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Nordea taking 'cautious' approach to financing land-based salmon projects

'Our margins are small and we are careful,' head of seafood at Nordea tells IntraFish.

Nordea Bank, the world's second largest seafood bank, is still seeing a bright future for salmon farming -- but its approach toward new development licenses and land-based salmon farming is a cautious one.

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"We are primarily a bank, not an investor," Louise Haahjem, head of commercial banking seafood at Nordea, told IntraFish. "If we lose one commitment, we must make up for it through other profitable engagements. Our margins are small and we are careful."

In total, the bank has around NOK 25 billion (€2.7 billion/$3 billion) in exposure to the sector through loans and credit facilities. It is the second largest seafood bank after DNB, which has an exposure of around NOK 40 billion (€4.3 billion/$4.8 billion).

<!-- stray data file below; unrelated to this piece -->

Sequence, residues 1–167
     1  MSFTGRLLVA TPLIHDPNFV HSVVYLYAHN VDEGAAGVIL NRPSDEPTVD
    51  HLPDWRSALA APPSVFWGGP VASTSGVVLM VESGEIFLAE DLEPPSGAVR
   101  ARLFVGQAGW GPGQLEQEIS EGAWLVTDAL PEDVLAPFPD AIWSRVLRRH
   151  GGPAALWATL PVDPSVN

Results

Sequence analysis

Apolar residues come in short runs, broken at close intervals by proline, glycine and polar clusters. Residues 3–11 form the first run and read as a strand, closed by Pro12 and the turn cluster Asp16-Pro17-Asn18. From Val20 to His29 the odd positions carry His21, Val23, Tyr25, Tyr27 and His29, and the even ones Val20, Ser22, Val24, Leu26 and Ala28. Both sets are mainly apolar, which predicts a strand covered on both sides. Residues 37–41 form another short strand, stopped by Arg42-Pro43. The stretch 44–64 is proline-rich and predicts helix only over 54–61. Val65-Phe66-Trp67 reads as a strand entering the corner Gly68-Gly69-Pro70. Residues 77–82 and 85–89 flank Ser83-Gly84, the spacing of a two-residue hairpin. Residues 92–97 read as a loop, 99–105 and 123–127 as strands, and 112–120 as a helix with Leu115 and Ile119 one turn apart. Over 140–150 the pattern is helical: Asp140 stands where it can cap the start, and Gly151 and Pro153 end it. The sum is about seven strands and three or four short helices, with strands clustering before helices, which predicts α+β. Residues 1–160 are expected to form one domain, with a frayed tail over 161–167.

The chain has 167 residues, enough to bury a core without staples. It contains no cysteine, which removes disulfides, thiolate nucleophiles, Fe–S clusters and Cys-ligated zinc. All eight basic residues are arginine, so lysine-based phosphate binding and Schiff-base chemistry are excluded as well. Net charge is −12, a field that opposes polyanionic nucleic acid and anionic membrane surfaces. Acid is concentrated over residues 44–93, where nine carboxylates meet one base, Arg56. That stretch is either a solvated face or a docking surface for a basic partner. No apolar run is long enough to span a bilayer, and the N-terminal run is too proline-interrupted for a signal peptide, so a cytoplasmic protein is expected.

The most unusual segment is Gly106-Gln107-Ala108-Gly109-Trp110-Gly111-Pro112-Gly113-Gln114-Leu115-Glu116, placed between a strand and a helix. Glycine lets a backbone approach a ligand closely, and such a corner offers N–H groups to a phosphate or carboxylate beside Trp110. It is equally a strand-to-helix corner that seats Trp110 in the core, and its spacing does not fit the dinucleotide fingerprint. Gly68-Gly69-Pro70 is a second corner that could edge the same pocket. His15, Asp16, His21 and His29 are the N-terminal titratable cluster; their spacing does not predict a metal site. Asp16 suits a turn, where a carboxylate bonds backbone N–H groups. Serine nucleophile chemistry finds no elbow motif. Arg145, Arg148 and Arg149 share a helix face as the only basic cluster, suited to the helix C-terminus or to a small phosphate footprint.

"Salmon farming is, and still will be a very profitable industry," Finn-Arne Egeness, analyst at Nordea, told IntraFish.

"The industry has and still is experiencing strong growth, which is partly due to good biology and production management. In addition, downstream stakeholders have been very successful at developing new products and markets."

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Nordea has customers in fish farming, catching, processing, fishing vessels and adjacent industries such as wellboats.

"We have seven of the top 10 salmon companies as customers," Haahjem said. "These are customers who typically have syndicated loans, and several banks participate in the financing."

However, Nordea is somewhat hesitant when it comes to lending money for land-based salmon operations, as well as for projects applying for new development permits.

Haahjem said the bank is taking a "cautious" approach but is "in discussions with some."

When it comes to financing projects that fall under the new development permits, she said they "must be good and profitable projects before we enter into foreign capital financing."

She said she is also seeing good potential in the wellboat industry.

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